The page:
I’m Formerly Undocumented. And I’m Running for Congress.

Editor’s Note: Latino Rebels will always welcome submissions by Latinx people running for office. We do not endorse any candidate, but we will always publish candidates pieces sent to us.

I’m not afraid to be a loud, bold, progressive who will unapologetically stand up for what I believe in: That women’s rights are human rights; that love is love is love is love; that Black Lives Matter; that the Fight for $15 should be national; that we should Say Her Name; that Mni Wiconi (water is life); that we’re Here to Stay; and that Sí, se puede.

We’re facing a racist Republican president who uses the bully pulpit to spew hatred and fear, an ideologically perverted Republican party and complacent moderates. Now is not the time to stay on the sidelines.

In my own community, Rómulo Avelica Gómez was detained while dropping his kids off at school. He was eventually released, but there’s a heart-wrenching video of his daughter sobbing as ICE agents wearing POLICE jackets take him into custody. It’s absolutely wrong and a reminder of the climate our communities live in.

We’ve also heard of DREAMers across the country who have been followed and detained, and even a woman who needed immediate medical attention for a brain tumor. In Tacoma, Washington, Daniel Ramírez Medina remains in custody, despite the fact that he is a DACA recipient. We’re also hearing stories that Steve Bannon is reportedly keeping DACA in his back pocket for strategic use.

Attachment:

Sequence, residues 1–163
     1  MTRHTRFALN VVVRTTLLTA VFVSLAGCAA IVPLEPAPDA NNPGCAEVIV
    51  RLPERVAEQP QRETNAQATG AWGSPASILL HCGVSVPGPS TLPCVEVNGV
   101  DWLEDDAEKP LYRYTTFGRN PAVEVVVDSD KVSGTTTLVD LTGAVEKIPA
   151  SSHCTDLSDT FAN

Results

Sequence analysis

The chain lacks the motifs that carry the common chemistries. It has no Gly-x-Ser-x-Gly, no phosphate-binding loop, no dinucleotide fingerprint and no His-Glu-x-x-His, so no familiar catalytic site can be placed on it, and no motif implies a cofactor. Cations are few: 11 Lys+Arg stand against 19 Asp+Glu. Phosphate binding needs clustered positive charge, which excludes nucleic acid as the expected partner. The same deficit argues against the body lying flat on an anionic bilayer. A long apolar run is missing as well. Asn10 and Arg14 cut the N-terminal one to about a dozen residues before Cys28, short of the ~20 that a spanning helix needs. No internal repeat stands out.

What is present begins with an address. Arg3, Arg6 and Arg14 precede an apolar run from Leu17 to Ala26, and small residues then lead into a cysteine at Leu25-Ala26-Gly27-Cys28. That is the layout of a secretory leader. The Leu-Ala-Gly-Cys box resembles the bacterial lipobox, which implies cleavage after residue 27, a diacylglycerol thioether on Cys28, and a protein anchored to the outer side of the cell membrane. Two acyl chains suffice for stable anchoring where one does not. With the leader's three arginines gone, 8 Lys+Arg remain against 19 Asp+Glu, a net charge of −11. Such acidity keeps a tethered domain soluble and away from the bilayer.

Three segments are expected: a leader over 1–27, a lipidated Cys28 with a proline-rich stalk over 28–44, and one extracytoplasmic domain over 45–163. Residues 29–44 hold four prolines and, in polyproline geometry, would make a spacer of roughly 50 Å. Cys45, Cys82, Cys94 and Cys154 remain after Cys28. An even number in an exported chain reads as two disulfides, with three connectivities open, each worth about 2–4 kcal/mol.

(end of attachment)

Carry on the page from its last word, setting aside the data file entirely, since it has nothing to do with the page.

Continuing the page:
Once again, this administration is de-humanizing people who look like me, using our futures as legislative pawns in the pursuit of nativism.

I recognize my privilege—as a formerly undocumented child who had a pathway to residency, I became a naturalized citizen when I was in my early twenties. I took an oath to protect this nation and that’s part of the reason I’m running for Congress.

Running isn’t a cakewalk. There are a lot of other qualified candidates in the race. It’s a total uphill battle and no, I don’t have nearly as much money as some of my opponents. I definitely won’t get many endorsements. There are a lot of established candidates in the race. There’s also movement candidates in the race whom I respect.

There’s too much at stake. I think the fight for human rights is interlaced with foreign policy, and understanding that the fight for human rights and social justice goes beyond our borders, a lesson I learned when as a journalist, I covered the missing 43 students of Ayotzinapa. The fight for indigenous rights is also not just something you read about in Central America: elders, women and children were tear gassed at Standing Rock. Black men and women are gunned down in our streets with impunity. Some are even choked publicly while pleading “I can’t breathe.” Enough is enough.

I’m running, because I can’t watch this administration take a torch to the Constitution. I want to stand up for the American Dream, stand up for a country of promise, not a country of fear and oppression. This country was here when I needed it, and now I want to be there for it.

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Wendy Carrillo is running to represent the people of California’s 34th Congressional District in Los Angeles. The election is on April 4, and one of the first federal elections since Donald Trump “won” last November. To find out more, visit www.votewendycarrillo.com.

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